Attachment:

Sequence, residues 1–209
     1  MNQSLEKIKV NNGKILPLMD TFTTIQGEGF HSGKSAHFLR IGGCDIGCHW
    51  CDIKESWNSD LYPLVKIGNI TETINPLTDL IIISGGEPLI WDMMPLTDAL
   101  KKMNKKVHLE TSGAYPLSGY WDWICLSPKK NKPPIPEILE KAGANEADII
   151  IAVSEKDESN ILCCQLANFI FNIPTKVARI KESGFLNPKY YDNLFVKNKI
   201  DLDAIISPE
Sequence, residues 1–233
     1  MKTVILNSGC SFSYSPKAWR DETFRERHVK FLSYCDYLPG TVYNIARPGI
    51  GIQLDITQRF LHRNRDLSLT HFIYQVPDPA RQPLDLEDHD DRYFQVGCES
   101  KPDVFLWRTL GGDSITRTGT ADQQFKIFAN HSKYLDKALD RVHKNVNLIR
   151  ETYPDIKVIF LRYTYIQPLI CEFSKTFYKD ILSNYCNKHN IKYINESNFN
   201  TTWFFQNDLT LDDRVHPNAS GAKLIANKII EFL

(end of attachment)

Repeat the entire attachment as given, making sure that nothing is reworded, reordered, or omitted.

Sequence, residues 1–209
     1  MNQSLEKIKV NNGKILPLMD TFTTIQGEGF HSGKSAHFLR IGGCDIGCHW
    51  CDIKESWNSD LYPLVKIGNI TETINPLTDL IIISGGEPLI WDMMPLTDAL
   101  KKMNKKVHLE TSGAYPLSGY WDWICLSPKK NKPPIPEILE KAGANEADII
   151  IAVSEKDESN ILCCQLANFI FNIPTKVARI KESGFLNPKY YDNLFVKNKI
   201  DLDAIISPE
Sequence, residues 1–233
     1  MKTVILNSGC SFSYSPKAWR DETFRERHVK FLSYCDYLPG TVYNIARPGI
    51  GIQLDITQRF LHRNRDLSLT HFIYQVPDPA RQPLDLEDHD DRYFQVGCES
   101  KPDVFLWRTL GGDSITRTGT ADQQFKIFAN HSKYLDKALD RVHKNVNLIR
   151  ETYPDIKVIF LRYTYIQPLI CEFSKTFYKD ILSNYCNKHN IKYINESNFN
   201  TTWFFQNDLT LDDRVHPNAS GAKLIANKII EFL